A new image from the New Horizons spacecraft’s Pluto flyby has revealed a second mountain range within a heart-shaped region on the dwarf planet’s surface that lies near the southwestern margin of the heart-shaped area dubbed “Tombaugh Regio” (Tombaugh Region) by scientists. Last week NASA released its first closeup image of an area near Pluto’s equator, which contains a range of mountains rising as high as 11,000 feet.
“Pluto’s icy mountains have company,” explained NASA, in a statement. “NASA’s New Horizons mission has discovered a new, apparently less lofty mountain range on the lower-left edge of Pluto’s best known feature, the bright, heart-shaped region named Tombaugh Regio.” The new range is just west of the region within Pluto’s heart called Sputnik Planum (Sputnik Plain), NASA said.
Pluto’s moon Nix at top of the page (left), shown in enhanced color as imaged by the New Horizons Ralph instrument, has a reddish spot that has attracted the interest of mission scientists. The data were obtained on the morning of July 14, 2015, and received on the ground on July 18. (NASA/JHUAPL/SWRI)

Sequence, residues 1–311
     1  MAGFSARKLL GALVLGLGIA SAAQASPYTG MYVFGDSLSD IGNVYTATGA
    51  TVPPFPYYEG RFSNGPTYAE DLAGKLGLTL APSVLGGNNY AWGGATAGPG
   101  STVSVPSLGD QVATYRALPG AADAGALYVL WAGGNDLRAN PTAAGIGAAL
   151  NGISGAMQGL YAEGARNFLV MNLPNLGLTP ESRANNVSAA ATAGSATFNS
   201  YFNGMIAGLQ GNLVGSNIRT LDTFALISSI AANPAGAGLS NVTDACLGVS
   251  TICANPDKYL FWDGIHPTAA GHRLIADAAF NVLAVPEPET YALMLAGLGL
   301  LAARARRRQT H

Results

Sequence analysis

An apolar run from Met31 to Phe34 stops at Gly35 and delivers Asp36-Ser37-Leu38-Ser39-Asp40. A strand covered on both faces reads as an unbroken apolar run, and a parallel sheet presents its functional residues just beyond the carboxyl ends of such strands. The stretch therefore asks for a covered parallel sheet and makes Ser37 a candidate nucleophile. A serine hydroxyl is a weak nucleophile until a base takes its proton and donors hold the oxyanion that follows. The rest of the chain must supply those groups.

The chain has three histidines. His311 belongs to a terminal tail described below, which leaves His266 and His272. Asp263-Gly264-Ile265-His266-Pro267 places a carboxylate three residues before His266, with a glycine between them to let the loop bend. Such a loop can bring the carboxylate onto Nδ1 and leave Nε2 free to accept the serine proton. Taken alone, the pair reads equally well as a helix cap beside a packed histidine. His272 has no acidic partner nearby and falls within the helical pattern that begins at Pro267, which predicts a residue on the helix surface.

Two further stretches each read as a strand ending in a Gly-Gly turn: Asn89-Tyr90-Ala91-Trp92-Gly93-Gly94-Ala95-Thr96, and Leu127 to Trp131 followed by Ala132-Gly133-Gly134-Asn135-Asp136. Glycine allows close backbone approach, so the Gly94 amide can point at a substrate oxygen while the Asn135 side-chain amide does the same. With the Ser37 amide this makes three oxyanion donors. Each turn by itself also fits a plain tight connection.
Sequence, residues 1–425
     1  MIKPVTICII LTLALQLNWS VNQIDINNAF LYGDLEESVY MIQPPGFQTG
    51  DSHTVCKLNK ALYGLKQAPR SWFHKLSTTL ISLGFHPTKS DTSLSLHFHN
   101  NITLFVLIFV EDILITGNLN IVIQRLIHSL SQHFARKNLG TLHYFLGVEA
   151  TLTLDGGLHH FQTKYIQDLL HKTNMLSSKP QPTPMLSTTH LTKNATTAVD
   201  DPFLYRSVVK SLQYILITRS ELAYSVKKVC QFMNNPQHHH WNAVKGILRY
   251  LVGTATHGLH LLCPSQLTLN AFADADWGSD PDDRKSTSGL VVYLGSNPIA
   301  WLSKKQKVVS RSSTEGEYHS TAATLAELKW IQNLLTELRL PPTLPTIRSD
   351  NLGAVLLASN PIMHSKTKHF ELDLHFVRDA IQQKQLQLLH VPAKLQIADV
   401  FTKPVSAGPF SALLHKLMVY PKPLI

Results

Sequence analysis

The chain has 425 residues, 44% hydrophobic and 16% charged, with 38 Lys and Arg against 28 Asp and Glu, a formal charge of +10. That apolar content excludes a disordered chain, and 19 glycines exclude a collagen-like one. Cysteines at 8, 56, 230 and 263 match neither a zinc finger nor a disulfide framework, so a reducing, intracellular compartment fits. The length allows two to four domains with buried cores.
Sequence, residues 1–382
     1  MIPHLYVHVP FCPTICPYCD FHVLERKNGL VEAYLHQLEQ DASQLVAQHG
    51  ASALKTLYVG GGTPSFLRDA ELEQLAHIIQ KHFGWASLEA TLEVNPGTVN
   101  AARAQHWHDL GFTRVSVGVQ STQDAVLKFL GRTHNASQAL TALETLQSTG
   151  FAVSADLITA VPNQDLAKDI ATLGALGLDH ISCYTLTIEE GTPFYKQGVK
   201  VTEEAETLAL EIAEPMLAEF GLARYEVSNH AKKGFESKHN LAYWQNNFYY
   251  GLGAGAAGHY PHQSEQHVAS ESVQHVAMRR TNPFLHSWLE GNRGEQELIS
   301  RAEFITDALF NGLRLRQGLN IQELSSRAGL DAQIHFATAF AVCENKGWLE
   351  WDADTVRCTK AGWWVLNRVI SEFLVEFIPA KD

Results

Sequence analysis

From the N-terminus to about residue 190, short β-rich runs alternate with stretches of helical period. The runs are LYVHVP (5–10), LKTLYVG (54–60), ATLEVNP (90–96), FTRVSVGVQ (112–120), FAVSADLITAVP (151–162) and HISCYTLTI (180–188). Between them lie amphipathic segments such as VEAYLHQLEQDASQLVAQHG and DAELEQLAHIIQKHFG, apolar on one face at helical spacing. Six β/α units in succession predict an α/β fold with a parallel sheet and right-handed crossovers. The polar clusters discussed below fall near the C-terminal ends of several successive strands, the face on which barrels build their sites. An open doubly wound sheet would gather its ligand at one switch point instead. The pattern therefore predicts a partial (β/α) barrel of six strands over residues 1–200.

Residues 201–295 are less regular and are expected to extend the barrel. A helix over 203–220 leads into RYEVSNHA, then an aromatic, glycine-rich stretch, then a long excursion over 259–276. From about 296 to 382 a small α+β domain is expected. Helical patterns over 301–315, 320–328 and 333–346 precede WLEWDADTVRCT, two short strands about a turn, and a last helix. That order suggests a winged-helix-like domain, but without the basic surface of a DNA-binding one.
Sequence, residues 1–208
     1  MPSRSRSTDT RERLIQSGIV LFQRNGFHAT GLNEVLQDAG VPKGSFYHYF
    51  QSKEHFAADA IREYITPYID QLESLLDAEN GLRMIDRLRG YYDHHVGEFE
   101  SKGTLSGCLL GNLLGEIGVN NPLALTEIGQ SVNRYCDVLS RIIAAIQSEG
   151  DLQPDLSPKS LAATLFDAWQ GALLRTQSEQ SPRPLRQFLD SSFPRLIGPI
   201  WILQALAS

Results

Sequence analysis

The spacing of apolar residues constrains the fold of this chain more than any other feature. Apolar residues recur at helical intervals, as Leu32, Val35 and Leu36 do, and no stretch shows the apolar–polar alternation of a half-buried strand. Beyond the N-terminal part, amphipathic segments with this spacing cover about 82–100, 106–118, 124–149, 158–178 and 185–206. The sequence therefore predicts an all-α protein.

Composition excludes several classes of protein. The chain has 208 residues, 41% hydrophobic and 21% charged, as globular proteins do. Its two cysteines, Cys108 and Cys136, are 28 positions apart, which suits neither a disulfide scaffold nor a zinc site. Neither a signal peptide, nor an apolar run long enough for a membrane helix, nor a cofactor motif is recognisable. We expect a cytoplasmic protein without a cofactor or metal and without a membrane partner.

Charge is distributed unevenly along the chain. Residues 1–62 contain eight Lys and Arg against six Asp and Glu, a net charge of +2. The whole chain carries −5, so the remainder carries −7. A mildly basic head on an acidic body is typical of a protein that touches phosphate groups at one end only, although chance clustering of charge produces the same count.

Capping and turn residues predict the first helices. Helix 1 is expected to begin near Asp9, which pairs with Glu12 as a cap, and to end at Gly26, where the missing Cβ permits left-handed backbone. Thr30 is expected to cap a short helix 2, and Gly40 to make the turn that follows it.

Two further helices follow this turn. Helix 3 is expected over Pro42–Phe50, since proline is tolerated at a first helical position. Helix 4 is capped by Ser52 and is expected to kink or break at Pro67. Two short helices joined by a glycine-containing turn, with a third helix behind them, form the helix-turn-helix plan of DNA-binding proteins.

The agency also released a new image of Pluto’s moons Nix and Hydra. NASA noted that New Horizons’ first color image of Nix, in which colors have been enhanced, reveals an intriguing region, which is estimated to be 26 miles long and 22 miles wide.
“Additional compositional data has already been taken of Nix, but is not yet downlinked. It will tell us why this region is redder than its surroundings,” said mission scientist Carly Howett of the Southwest Research Institute, in a statement. “This observation is so tantalizing, I’m finding it hard to be patient for more Nix data to be downlinked,” she added.
Members of NASA’s New Horizons team will be holding a science update on July 24 to reveal new images and discuss the latest results from the spacecraft’s historic July 14 flyby.